DANVILLE, Ill. (WCIA) — More than 200 books that were removed from the prisoners in January have been returned.
We never got a direct answer to that question, but almost all of them related to the same topic: race.
There were also some about topics like coping with a family member who’s incarcerated. All of the books were kept in the University of Illinois library at Danville Correctional Center. They were there as part of the Education Justice Project.
On Monday, Education Justice Project leaders spoke in a joint hearing before two Illinois House of Representatives committees involving higher education and public safety appropriation.
Justice project leaders say they’re biggest motivation for wanting the books back in the library is education. They believe educating inmates is one of the biggest steps to help them become positive members of society.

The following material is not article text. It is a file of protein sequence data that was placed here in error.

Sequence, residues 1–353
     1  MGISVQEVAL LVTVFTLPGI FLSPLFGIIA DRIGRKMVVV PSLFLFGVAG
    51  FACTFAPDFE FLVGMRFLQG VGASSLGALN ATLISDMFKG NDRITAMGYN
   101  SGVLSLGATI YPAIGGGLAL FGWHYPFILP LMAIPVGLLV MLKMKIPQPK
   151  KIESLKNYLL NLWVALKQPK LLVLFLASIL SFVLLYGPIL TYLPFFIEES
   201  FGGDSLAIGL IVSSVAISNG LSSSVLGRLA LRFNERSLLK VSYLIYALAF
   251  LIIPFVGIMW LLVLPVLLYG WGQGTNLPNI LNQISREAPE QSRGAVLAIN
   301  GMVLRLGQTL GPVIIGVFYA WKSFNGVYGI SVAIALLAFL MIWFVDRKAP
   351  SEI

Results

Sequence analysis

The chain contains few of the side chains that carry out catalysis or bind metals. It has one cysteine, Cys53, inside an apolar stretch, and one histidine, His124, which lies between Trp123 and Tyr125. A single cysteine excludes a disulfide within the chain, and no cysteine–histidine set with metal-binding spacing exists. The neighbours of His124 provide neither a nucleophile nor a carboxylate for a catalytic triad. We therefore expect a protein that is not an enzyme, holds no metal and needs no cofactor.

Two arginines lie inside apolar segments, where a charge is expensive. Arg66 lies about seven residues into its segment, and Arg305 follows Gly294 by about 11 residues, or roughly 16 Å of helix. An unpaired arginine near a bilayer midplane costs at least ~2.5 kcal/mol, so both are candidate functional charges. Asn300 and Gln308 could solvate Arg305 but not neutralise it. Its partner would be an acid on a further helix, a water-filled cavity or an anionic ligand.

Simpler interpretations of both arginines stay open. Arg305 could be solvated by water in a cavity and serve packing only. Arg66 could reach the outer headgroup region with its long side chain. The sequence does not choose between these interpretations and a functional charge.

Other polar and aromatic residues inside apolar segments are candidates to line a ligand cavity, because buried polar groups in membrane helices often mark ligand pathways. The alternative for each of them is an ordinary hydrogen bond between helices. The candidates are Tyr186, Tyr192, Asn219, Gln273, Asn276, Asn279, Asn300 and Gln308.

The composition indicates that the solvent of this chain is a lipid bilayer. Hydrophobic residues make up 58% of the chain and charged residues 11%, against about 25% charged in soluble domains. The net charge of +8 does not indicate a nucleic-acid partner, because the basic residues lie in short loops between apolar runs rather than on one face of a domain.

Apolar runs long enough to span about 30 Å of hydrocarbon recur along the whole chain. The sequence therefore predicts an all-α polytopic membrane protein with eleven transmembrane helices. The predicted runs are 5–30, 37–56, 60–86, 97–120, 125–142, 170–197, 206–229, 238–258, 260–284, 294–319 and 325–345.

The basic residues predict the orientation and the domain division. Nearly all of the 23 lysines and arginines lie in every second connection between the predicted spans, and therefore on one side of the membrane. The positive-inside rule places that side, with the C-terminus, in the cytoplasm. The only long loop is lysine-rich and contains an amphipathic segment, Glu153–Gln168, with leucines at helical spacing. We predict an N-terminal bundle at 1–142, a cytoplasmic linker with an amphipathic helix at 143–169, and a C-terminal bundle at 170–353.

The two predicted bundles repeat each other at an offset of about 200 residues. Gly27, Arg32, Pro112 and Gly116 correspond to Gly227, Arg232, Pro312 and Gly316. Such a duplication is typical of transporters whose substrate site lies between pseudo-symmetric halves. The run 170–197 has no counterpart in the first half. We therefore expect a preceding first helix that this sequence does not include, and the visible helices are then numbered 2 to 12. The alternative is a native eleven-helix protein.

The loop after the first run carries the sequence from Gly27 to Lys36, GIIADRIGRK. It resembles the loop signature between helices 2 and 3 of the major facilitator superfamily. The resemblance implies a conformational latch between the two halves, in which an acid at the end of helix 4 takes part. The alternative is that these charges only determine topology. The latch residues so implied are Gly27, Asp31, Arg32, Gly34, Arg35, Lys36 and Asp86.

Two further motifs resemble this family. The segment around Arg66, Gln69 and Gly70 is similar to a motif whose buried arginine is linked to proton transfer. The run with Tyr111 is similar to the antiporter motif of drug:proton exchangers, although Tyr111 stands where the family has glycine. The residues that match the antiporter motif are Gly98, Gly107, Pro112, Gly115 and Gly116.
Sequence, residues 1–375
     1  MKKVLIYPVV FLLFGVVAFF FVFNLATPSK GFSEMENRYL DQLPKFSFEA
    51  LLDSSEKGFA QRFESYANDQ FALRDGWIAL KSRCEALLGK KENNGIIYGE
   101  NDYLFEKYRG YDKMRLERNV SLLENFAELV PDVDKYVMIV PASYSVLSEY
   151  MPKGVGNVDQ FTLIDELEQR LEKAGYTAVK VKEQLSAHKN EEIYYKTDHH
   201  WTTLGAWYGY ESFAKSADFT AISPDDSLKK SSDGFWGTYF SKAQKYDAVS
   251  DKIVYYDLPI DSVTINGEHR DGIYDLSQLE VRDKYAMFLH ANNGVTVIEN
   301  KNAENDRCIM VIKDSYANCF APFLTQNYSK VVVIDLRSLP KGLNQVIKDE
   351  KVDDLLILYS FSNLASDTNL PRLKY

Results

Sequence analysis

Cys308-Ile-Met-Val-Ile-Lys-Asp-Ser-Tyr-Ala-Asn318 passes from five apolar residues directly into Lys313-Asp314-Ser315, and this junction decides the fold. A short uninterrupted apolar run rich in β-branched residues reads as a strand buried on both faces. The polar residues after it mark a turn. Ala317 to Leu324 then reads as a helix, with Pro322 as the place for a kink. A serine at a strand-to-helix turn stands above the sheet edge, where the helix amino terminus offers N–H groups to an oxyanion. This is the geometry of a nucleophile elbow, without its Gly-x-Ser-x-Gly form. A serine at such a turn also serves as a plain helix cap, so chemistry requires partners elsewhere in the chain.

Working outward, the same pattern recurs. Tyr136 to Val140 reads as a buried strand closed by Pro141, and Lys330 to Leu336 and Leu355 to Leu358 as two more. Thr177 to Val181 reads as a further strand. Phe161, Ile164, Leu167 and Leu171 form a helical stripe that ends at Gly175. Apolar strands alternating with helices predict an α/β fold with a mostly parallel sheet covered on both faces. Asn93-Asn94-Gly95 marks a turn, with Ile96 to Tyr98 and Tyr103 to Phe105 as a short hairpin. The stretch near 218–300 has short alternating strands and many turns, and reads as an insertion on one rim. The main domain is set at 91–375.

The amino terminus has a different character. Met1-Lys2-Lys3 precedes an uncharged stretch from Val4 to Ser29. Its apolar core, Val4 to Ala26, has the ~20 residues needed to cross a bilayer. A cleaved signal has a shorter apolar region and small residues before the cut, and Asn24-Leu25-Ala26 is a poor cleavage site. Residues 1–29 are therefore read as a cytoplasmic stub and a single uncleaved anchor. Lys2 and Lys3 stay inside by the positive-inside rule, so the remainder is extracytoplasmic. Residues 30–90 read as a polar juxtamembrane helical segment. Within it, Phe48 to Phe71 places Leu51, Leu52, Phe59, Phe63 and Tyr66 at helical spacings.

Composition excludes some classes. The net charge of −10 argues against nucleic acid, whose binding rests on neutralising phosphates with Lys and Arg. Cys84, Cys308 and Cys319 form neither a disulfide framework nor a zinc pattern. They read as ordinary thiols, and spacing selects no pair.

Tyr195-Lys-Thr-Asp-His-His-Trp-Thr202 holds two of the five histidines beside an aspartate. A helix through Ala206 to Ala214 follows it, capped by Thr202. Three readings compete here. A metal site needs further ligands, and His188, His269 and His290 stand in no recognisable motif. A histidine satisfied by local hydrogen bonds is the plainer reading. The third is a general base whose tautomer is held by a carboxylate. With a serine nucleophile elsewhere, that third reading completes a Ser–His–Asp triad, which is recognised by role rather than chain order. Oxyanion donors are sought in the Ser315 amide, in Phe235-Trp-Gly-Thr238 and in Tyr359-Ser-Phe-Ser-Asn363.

“Censorship should only happen when there’s a case of inciting violence with their material. Books that talk about history, even if that subject matter is something that people may not find to their taste or to their liking, should not be censored,” said Education Justice Project Director Rebecca Ginsburg.
The hearing closed with Carol Ammons saying that other legislatures will keep tabs on the IDOC to make sure something like doesn’t happen again. As we said last time we covered this story, Ginsburg said this level of censorship is “unprecedented”.
The IDOC director at the hearing was not the director at the time the books were removed in January. For that reason, he wasn’t able to talk about why they were originally removed.
There were more than 300 witness slips signed in favor of stopping censorship in the prison system. Ginsburg said she’s overwhelmed by the level of support from the local community and allies nationally.
An IDOC representative was at the hearing. They responded to the situation with the following statement.
“IDOC acknowledges the situation should have been handled differently. As a result, we are hiring a volunteer coordinator, reviewing our publication review policy, and instituting an appeal process for disapproved publications.”